18 July 2001


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Dalli applauds NAO, stresses that further changes must be made

Speaking at the fourth anniversary of the National Audit Office yesterday, Finance Minister John Dalli applauded the fact that the NAO is undergoing the necessary changes needed for a modern state audit institution.

However, Mr Dalli added that, while the NAO is obviously on the right track, there is still a good deal of work to be done to bring it up to scratch with today realities and circumstances. Adding to the Office’s staff compliment was cited by Mr Dalli as one example of such work that needs to be carried out.

However, given the positive certificate given to the NAO by the EU, as well as the evident improvement in audit reports in these past few years, Mr Dalli praised the Office as a strong state audit institution perfectly capable of handling both its current and future challenges.

Mr Dalli explained to attendants yesterday at the Mediterranean Conference Centre, "I am convinced that the Office has, within a short space of four years, registered substantial progress. It has developed into a relatively strong state audit institution, which is respected by Government Ministries and Departments and whose findings and recommendations are being given their due attention. It has developed from an institution whose main role was that of Financial Audit to one whose role now also encompasses Value for Money Audit.

The NAO, Mr Dalli explains, now does not just look into the correctness of the Government Financial Statements. It also looks into aspects of economy, effectiveness and efficiency of programmes and activities. It looks into the quality of service.

He adds, "I have noted with satisfaction that the Office no longer issues just one annual audit report. It also periodically issues Value for Money Reports on various themes, such as Customer Care, Government Vehicle Expenditure, Heritage Sites and Health Centres. Its reports are interesting and are a contributing factor to effecting changes that are required in the Administration. Indeed I see the Office as an agent that can identify, encourage and facilitate changes in the Public Service.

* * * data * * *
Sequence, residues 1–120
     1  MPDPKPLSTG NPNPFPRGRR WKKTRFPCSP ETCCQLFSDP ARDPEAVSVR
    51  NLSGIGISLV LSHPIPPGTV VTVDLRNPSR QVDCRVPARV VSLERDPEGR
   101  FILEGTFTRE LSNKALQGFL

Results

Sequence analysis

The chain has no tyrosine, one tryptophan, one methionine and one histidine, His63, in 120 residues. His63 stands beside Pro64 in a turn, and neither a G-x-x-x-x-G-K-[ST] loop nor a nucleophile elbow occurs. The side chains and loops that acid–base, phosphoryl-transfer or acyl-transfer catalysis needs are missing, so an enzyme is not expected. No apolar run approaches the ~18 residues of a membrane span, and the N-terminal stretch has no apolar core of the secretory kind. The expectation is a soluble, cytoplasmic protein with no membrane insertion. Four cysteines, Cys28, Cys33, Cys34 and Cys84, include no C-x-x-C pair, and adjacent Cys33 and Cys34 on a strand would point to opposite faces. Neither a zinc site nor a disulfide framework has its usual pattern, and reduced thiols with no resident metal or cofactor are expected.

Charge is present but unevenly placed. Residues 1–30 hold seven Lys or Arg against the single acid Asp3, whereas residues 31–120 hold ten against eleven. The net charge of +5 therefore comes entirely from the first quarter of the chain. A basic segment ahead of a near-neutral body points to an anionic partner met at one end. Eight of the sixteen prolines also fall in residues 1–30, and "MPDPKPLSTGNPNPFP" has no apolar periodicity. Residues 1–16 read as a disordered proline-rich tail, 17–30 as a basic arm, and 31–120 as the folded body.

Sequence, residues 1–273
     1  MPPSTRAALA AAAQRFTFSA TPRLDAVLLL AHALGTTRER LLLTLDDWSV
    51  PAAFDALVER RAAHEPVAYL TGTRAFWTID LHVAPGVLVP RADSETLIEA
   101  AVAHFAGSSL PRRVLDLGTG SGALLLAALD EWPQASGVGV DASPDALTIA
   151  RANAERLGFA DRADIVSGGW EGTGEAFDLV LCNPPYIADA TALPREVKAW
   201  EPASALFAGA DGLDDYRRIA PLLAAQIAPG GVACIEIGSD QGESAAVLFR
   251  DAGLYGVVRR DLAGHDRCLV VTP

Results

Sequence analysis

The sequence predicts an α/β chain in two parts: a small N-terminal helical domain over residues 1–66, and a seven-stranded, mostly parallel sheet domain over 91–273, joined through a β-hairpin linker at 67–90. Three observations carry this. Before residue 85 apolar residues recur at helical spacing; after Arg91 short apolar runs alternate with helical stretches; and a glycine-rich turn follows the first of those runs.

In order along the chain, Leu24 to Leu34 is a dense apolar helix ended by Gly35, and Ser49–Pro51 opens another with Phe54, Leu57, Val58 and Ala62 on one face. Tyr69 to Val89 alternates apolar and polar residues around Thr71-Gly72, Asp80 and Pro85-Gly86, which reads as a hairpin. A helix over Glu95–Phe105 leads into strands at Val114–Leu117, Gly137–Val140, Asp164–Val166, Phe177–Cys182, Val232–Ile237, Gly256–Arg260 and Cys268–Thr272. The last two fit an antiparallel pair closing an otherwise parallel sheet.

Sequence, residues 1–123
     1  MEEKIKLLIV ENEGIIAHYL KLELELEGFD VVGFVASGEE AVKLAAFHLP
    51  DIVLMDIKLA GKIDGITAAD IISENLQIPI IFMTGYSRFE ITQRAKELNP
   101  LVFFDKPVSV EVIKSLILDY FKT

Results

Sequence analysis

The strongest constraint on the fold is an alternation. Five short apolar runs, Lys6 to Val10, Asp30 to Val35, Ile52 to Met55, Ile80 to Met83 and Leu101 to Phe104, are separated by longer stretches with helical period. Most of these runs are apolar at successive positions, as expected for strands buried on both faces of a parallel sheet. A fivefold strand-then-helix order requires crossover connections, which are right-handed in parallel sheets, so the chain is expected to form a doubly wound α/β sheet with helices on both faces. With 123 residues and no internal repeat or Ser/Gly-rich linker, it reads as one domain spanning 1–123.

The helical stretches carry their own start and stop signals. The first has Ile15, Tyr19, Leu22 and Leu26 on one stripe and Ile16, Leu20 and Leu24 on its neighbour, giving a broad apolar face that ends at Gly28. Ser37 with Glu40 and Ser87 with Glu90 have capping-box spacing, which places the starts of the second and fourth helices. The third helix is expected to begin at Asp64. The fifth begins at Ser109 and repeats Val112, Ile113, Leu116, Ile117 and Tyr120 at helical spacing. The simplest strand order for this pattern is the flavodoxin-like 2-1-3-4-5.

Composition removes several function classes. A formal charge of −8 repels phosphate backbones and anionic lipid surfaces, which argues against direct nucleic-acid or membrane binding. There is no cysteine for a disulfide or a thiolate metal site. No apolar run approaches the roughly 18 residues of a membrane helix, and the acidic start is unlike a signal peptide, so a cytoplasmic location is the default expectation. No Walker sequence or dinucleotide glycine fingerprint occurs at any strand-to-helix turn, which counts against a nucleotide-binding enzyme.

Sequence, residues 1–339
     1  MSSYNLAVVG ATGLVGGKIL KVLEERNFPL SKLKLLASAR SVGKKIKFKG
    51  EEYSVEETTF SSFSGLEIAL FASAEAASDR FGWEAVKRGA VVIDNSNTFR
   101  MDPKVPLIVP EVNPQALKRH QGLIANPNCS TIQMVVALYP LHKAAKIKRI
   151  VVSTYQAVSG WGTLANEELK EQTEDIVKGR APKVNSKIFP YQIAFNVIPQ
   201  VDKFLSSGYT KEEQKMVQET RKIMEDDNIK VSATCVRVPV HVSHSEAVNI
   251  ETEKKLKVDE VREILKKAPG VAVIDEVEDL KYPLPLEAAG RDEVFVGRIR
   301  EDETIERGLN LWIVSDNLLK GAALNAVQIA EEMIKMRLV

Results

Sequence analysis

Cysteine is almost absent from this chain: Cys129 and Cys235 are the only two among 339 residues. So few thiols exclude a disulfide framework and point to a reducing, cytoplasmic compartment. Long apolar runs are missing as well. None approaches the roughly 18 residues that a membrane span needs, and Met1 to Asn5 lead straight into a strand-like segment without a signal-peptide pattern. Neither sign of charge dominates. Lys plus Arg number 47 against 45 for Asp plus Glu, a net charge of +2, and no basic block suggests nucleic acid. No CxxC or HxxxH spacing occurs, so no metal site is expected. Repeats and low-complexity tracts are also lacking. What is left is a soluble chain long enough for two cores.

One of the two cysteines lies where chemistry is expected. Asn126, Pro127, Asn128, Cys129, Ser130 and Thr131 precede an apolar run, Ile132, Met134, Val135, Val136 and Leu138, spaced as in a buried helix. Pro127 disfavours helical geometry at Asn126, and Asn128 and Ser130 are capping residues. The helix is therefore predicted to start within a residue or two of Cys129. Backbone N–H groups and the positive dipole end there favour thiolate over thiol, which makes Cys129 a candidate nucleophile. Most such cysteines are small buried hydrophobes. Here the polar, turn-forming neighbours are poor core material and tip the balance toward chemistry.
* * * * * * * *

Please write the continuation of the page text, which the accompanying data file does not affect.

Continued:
"A strong audit institution is also important as it can help Government bring about financial discipline to government initiatives and projects. Government's financial controls can be greatly enhanced with a well-functioning, independent and professional state audit institution. As the Minister of Finance, it is important that I am made aware of any serious shortcomings in financial control and misadministration so that my Ministry can take the necessary corrective measures."

The role of the NAO becomes more important in times of high Budgetary Shortfalls, as it can assist the Administration in identifying uneconomic practices, waste, inefficiencies and other shortcomings that negatively affect the State Budget, apart from being morally unacceptable and an unnecessary and unfair burden on the taxpayer.

Mr Dalli elaborates, "Change is an ongoing process that is dependent upon the evolution of society, changes in government policies, cultural, economic and other local developments as well as changes in peoples’ attitudes towards the environment, safety and health standards brought about by the increased awareness of a more educated population.

"Changes were and still are also dependent upon developments being undertaken in the international sphere.